CORONAVIRUS/Taiwan extends Level 2 COVID-19 alert, eases more restrictions

08/21/2021 07:58 PM
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A family dines in a restaurant in Taoyuan, where a divider was set up in the middle of the table. CNA photo Aug. 21, 2021
A family dines in a restaurant in Taoyuan, where a divider was set up in the middle of the table. CNA photo Aug. 21, 2021

Taipei, Aug. 21 (CNA) Taiwan's Level 2 COVID-19 alert will be extended to Sept. 6, but more government restrictions will be relaxed, starting next Tuesday, the Central Epidemic Command Center (CECC) said Saturday.

At a CECC press briefing, Health and Welfare Minister Chen Shih-chung (陳時中) said the current alert, which was due to expire on Aug. 23, will be pushed back for at least another two weeks, because Taiwan still has some domestic COVID-19 cases with unknown sources of infection.

Chen, who heads the CECC, also warned that the Level 2 alert may remain in place until the end of the year, if the global COVID-19 outbreak is not brought under control.

Other factors that will determine whether the alert should be lifted include vaccine coverage in Taiwan and the effectiveness of the current vaccines against new variants of the COVID-19 virus, he said.

Nonetheless, some government restrictions will be eased, starting next Tuesday, to allow more social activity, Chen said.

Starting Aug. 24, as many as 80 people will be permitted to gather indoors and 300 people outdoors, increasing from the current maximum 50 and 100, respectively, he said.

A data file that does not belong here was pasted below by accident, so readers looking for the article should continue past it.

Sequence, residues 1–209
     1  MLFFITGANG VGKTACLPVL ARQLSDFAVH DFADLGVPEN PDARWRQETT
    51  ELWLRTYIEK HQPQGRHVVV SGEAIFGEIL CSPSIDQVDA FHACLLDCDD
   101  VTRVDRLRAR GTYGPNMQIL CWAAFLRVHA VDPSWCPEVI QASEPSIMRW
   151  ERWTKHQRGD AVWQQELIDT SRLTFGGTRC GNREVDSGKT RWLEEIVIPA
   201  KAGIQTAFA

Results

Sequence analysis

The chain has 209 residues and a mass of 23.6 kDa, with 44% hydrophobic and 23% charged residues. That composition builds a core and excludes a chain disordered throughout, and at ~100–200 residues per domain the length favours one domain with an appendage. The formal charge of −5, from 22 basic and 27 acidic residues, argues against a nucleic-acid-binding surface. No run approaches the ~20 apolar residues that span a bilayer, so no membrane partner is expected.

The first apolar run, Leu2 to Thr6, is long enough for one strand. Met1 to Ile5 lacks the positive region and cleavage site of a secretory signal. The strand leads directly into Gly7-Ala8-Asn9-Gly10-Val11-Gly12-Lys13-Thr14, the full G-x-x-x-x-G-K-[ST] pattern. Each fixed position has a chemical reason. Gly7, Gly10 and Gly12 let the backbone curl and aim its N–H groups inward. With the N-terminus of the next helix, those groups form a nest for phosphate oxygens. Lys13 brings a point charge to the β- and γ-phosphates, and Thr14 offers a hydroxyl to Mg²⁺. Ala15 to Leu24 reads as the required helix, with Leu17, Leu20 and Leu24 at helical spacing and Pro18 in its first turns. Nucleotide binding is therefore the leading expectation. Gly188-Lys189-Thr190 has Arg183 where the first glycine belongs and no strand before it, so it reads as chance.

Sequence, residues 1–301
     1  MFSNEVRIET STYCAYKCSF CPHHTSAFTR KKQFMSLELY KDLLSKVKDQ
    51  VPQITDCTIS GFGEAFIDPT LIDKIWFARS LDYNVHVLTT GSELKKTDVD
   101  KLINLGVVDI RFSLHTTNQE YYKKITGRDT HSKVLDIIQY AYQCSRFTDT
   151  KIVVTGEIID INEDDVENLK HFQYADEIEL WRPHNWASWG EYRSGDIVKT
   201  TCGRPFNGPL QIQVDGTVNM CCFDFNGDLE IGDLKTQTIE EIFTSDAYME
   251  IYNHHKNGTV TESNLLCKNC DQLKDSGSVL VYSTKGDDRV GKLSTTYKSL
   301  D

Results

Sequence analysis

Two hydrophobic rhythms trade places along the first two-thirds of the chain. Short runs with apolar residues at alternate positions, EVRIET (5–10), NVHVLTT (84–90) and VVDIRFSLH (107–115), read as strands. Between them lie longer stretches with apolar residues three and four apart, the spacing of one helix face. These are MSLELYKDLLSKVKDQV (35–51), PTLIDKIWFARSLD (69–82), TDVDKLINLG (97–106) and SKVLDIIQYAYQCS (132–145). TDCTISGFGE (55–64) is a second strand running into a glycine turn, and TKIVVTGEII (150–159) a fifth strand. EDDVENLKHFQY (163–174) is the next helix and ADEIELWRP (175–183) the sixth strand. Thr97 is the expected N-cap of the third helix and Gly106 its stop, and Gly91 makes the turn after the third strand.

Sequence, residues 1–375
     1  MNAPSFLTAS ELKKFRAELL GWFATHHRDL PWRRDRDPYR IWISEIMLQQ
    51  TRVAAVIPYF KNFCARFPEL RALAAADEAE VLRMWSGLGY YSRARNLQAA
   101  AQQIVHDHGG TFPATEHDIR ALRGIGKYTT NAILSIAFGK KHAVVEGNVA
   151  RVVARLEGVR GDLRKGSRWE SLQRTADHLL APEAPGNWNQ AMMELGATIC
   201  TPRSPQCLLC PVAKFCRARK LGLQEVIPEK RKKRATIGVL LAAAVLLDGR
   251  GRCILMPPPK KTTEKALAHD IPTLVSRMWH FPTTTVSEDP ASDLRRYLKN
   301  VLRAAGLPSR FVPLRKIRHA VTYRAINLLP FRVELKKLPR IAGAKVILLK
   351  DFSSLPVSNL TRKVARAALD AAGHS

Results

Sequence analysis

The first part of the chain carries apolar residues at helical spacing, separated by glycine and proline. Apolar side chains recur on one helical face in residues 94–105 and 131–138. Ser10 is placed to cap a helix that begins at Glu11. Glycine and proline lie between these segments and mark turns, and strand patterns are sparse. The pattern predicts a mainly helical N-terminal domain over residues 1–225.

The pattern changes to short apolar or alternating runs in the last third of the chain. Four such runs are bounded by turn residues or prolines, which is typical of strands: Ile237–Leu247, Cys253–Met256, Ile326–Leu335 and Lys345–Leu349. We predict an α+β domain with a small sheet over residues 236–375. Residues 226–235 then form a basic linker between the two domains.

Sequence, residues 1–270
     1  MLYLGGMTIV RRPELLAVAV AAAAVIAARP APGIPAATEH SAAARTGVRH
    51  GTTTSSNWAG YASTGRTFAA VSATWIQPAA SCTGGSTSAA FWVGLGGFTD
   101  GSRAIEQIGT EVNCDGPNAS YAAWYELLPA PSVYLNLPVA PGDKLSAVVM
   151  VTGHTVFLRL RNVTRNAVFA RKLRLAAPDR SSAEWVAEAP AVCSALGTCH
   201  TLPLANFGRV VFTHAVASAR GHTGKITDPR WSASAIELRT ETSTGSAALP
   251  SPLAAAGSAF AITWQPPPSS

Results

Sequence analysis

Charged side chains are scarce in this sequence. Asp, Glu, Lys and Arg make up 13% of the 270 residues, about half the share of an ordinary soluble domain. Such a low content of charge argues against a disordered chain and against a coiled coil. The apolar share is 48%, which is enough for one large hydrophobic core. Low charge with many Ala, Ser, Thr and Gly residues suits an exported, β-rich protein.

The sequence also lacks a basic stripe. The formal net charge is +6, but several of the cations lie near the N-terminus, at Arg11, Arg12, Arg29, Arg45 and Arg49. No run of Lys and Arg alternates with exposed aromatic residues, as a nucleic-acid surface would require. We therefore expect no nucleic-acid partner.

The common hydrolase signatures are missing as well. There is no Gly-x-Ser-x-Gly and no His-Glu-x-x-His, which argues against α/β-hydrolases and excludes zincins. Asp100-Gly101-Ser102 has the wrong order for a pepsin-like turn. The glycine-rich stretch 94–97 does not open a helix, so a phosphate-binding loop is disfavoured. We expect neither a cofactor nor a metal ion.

People will still be required, however, to observe social distancing and wear a mask at all times outside their homes, except when they are eating, Chen said.

He said entertainment venues, including singing and dance clubs, nightclubs, hostess bars, karaoke clubs (KTV), and bars will remain closed.

The shutdown order will be lifted, however, for venues like study centers and indoor amusement parks, with effect from next Tuesday, Chen said.

People will also be allowed to swim, snorkel and carry out other other activities at the beach, as long as they wear a mask when they are not in the water, he added.

Currently, only limited activities that allow social distancing, such as scuba diving and surfing, are permitted at the beach, according to the CECC.

Meanwhile, the CECC will partially lift its ban on visits to hospital patients, starting next Tuesday, more than three months after it was imposed, Chen said.

During hospital visiting times, a maximum of two people will be allowed to visit patients on psychiatry, pediatric, respiratory, and palliative care wards and in intensive care, Chen said.

On other wards, two visitors will also be allowed if the patient is disabled, critically ill, or has been hospitalized for at least a week, Chen said.

All visitors, however, will be required to present a negative COVID-19 test conducted no more than 72 hours before, he added.

Only recovered COVID-19 patients and people who are fully vaccinated against the virus will be exempt from the test requirement, he said.

(By Chang Ming-hsuan, Chen Chieh-ling and Teng Pei-ju)

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